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16 bit vs. 24 bit A/D converter?


So, assume the following hardware configuration as illustrated by the answers provided per the following thread:
(The above configuration should maintain sufficient physical space between the amp and the digital components to eliminate any interference with the digital signal.)
My question now focuses on the purchase of the A/D converter. Per the above thread link the Behringer UCA-202 was recommended which is a 16 bit/48 kHz converter.
This link http://www.co-bw.com/Audio_16_vs_24_bit.htm is geared toward recording live music but I discovered this article via a link http://www.co-bw.com/Audio_Convert_LP_to_Digital_Preamp_Connection.htm
associated with another article per the same site addressing how to digitize LPs but it left me with the questions that I am posting per this forum:
In summary, the author’s conclusion per the 16 vs 24 bit article is.
“…Use 24 bit for every recording if you have this feature. I was a believer for the past decade that 16 bit was the way to go and I have absolutely changed my mind. No matter of what you are recording this is true. If you have a nice mic, a very good preamp and a clean audio system and are recording highly dynamic instruments such as acoustic guitars, classical orchestras, acapella vocals, the difference will be there. Quiet passages will be less likely struggling to stay above the noise floor on your system. One can record with no compression. You can record at lower levels, with more headroom. This ensures that the occasional peak is not truncated at the top and it will give converters some room the breathe. Because you are not pushing the limits of your bandwidth, your instruments will sound clearer, and the vocals may sound "cleaner", the song will mix better and there will be less noise…. Regarding the sample rate, unless you have a good reason not to, use a sample rate of 44.1. … Some kinds of music seem to benefit slightly from the high resolution of 88.2 or 96 khz. Acoustic instruments, like guitars, percussion, and of course vocals, i.e., things with delicate high frequencies seem to benefit but its subtle.”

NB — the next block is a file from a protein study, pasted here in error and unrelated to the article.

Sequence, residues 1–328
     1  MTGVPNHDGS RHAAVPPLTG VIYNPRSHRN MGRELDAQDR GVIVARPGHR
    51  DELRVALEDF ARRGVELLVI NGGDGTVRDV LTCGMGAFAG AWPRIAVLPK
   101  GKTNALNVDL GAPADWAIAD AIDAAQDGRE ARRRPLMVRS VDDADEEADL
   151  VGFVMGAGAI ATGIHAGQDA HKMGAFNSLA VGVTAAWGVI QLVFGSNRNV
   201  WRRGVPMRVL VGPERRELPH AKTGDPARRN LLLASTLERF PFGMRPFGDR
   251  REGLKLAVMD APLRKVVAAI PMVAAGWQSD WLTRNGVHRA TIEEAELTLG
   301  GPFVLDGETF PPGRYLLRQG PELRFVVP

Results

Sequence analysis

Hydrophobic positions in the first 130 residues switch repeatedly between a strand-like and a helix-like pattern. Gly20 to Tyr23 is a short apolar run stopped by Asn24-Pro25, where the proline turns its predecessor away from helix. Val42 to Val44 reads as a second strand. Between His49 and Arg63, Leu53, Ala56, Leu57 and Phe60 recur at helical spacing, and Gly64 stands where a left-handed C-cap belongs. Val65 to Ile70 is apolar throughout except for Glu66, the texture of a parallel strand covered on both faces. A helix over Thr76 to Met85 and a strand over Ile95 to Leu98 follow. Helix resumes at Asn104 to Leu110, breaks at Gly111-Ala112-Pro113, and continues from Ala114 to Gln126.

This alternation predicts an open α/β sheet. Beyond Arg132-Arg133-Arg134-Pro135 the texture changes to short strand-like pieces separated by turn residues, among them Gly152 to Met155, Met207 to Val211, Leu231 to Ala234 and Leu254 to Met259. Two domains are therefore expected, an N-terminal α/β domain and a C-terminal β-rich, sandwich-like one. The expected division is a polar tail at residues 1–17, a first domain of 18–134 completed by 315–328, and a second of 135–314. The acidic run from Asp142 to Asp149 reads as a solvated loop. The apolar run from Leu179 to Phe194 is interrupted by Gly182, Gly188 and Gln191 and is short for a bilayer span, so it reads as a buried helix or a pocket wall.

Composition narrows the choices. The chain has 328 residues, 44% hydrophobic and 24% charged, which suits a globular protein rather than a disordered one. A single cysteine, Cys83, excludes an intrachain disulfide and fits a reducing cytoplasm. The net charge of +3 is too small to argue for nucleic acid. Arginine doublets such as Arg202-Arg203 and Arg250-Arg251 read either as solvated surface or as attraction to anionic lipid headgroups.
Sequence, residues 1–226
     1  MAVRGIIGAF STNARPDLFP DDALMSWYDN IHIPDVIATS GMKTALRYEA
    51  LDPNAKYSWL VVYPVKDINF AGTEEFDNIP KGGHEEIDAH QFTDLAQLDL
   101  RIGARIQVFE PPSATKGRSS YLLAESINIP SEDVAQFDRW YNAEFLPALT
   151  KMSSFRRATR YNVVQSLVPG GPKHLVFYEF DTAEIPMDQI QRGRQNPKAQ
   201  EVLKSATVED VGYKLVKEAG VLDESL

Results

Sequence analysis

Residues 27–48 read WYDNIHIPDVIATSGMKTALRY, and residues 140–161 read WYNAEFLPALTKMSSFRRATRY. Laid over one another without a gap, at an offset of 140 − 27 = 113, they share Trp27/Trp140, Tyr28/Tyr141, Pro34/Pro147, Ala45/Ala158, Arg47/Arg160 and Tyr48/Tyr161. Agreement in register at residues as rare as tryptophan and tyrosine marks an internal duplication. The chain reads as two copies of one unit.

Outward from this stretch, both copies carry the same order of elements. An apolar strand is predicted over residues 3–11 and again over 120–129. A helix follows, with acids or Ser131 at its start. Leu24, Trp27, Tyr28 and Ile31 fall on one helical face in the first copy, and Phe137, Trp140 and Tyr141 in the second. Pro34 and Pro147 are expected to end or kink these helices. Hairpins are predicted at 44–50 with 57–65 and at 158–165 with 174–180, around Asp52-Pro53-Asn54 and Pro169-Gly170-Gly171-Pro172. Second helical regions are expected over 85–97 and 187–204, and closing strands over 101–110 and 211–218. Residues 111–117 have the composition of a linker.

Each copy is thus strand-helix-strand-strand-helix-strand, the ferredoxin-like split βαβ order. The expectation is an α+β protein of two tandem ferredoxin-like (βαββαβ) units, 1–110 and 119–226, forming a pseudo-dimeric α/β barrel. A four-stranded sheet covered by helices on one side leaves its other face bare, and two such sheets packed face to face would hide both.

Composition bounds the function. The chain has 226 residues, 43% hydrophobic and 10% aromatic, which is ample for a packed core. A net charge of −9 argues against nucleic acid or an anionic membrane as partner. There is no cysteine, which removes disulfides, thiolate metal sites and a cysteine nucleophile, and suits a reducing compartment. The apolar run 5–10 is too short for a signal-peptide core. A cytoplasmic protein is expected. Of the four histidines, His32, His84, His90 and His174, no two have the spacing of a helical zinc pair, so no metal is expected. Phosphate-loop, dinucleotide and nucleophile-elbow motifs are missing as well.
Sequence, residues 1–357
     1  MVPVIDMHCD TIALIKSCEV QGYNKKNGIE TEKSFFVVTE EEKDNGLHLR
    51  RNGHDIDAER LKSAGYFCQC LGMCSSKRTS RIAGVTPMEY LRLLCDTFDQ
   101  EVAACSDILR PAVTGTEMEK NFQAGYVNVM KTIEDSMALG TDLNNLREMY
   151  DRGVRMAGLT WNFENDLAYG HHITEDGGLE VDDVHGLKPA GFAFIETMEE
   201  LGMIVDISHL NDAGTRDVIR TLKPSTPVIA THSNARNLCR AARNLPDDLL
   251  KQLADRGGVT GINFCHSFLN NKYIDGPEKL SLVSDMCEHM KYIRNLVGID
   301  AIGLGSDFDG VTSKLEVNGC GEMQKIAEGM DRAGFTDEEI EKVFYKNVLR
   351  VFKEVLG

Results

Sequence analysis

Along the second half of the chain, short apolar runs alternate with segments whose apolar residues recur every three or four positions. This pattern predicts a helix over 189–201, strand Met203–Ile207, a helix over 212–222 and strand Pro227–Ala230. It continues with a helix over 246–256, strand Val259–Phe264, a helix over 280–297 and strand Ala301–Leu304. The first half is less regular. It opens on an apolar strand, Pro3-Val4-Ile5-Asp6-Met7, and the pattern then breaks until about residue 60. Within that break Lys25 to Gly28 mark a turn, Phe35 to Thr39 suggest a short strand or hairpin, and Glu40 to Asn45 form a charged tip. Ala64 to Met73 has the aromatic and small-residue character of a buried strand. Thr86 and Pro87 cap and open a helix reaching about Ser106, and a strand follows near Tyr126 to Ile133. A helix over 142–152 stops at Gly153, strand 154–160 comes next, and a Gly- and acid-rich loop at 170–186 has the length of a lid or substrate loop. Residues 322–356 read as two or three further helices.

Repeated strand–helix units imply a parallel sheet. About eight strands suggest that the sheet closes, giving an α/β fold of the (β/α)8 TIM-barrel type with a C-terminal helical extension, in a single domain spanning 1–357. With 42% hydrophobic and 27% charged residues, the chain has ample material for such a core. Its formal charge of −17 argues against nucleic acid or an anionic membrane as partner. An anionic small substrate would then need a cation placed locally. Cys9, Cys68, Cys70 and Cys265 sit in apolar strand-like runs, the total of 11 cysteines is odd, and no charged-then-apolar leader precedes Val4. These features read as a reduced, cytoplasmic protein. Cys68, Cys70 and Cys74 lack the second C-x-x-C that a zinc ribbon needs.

My concern about the above author’s conclusion is that I think he is specifically addressing live recordings and my question is: Does the author’s conclusion hold true regarding digitizing LPs? At this point in time, I intend to record at 44.1 kHz WAV format, but do I use a 16 or 24 bit A/D converter? (i.e. I am not held bent on the WAV format and welcome any input as to better alternate formats.)
September 29, 2011 @09:21pm

Which audio format (wave, aiff etc.) doesn't matter much as long as it is not data compressed like an mp3.
There is no doubt that 24 bit offers big advantages over 16 bit. If you can afford it definitely go for something that does 24 bit. However, you'll probably want/have to process them into 16 bit files. If you're serious about this you'll be editing, normalizing etc. anyway so it makes sense to start with 24 bit.
September 30, 2011 @02:32am

Computer storage and cpu is no longer a limiter for audio.
Go with 24/44.1 on everything and worry about more important things.
September 30, 2011 @01:13pm

Thanks bouldersoundguy and TimOBrien for your responses.
Does anyone have a recommendation for a 24 bit stereo A/D converter, under $500?
September 30, 2011 @02:21pm

This forum is run by one of the better pro audio retailers, Sweetwater. There's a button at the top of the page that says "Back to Sweetwater". Using that and typing "interface" into the search field I found this product. I'm sure there are plenty of others to choose from.